Once upon a time, I hated spray paint. Of course, I don’t think I’d practically ever used it. But it intimidated me. And there you have perhaps the most shameful admission of this entire blog:
I was cowed by a can of paint.
I just had a hard time wrapping my brain around how you got your layers all nice and even and non-drippy without sanding between coats…or something like that (clearly I had no clue about spray paint’s true properties). And I really dislike sanding between coats.
And then I tried it. And, honestly, it was just as bewildering as I feared. And there you have Shameful Admission #2:
I was flummoxed by a can of paint.
But I kept at it until I got the hang of it, at which point I became obsessed. Nothing in my house was safe. Everything from the obvious stuff like picture frames to the less obvious like cabinet knobs to the really-you-spray-painted-that land of…
Yes, I did.
And while I know I’m not the first, it was a first for me. So, today I’m showing how I took a pair of thrift store shoes from this:
Here’s what you’ll need to achieve a similar transformation with a pair of your own:
Spray paint (I used Rustoleum’s Ultra Cover so I didn’t have to prime first)
Hot glue gun
Heat ‘n Bond adhesive (optional)
Cover all surfaces of your shoes that you don’t want to be spray-painted with newspaper + painter’s tape.
Give your shoes at least two light coats of paint, waiting a couple of minutes between coats (my shoes were all manmade materials, by the way, so it was essentially like painting plastic; I wouldn’t recommend this for leather unless it’s just so far gone that you don’t care whether it turns out well or not).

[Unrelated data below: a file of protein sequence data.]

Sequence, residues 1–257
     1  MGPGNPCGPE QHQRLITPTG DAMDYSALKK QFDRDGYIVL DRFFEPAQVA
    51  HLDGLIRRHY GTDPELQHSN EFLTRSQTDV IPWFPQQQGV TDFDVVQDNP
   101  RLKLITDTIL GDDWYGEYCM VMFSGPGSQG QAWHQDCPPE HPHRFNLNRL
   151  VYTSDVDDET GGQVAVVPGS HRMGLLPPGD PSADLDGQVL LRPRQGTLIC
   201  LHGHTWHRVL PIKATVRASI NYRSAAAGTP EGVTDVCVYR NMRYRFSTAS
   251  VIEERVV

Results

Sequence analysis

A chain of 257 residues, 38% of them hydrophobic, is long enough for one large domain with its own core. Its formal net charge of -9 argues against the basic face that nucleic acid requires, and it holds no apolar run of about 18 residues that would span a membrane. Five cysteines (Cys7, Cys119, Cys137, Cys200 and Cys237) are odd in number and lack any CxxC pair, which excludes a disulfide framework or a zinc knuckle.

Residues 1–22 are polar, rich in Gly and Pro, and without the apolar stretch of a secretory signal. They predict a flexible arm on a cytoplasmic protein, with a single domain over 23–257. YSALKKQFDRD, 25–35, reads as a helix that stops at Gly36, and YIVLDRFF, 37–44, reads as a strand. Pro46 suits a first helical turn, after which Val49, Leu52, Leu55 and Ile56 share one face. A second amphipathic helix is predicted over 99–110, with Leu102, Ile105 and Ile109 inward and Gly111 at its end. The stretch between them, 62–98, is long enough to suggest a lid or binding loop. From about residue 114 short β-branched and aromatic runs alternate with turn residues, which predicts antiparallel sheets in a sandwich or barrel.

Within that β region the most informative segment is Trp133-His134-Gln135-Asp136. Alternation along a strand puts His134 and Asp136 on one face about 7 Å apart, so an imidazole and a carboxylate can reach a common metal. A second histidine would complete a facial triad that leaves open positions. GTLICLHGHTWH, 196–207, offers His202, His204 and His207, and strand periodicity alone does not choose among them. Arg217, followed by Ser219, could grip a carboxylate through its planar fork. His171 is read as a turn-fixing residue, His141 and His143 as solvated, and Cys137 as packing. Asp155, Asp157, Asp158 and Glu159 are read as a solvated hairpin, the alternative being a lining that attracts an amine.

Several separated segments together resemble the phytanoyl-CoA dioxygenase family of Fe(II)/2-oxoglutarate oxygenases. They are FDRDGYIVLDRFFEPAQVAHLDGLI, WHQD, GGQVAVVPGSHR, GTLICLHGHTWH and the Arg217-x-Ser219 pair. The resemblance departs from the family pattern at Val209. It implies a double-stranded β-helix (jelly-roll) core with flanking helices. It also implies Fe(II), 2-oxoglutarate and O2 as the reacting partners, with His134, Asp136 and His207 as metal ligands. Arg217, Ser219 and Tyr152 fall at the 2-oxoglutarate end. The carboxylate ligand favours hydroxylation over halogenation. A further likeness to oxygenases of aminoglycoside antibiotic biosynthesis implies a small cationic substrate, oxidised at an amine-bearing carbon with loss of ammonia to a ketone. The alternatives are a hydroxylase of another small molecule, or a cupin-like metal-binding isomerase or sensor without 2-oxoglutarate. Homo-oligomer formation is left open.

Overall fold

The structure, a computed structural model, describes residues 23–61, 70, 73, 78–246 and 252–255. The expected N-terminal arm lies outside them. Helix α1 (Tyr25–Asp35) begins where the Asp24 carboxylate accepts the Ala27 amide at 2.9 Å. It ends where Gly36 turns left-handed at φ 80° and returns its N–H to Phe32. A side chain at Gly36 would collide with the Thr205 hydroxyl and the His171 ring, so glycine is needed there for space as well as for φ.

Allow the shoes to dry for at least an hour, preferably longer.
You could stop there, but I wanted to add a little something special, so I peeled off the insert with the brand name printed on it and traced the outline of it on some pretty fabric from my stash, then cut it out to make a custom-patterned insert.
Then I followed the directions on my Heat ‘n Bond adhesive strips to attach the fabric cutout to the original insert.
I put my new custom inserts back in, securing them to the bottom of the shoes with hot glue.
At which point, I had this:
Anybody else getting a totally Anthro vibe from these little beauties? Because I’m thinking I’ve seen this exact teal + cognac combo several times before while I was
drooling over researching things on their site.
I don’t know about you guys, but I’m thinking that these shoes alone make my journey to spray paint acceptance worthwhile.
And the best part of all?
I already had all of my supplies, so I transformed my $3 Goodwill shoes without a single trip to a craft store or a single extra cent spent on them.
I can’t wait to wear them!
So, what’s your position on spray paint? Best friend, worst enemy, or indifferent?
Would you spray-paint a pair of shoes that needed a little pick-me-up?
Oh! And, do tell, what’s the weirdest thing you’ve ever spray-painted?Like what you read? Like M is for Mama on facebook (pretty please?):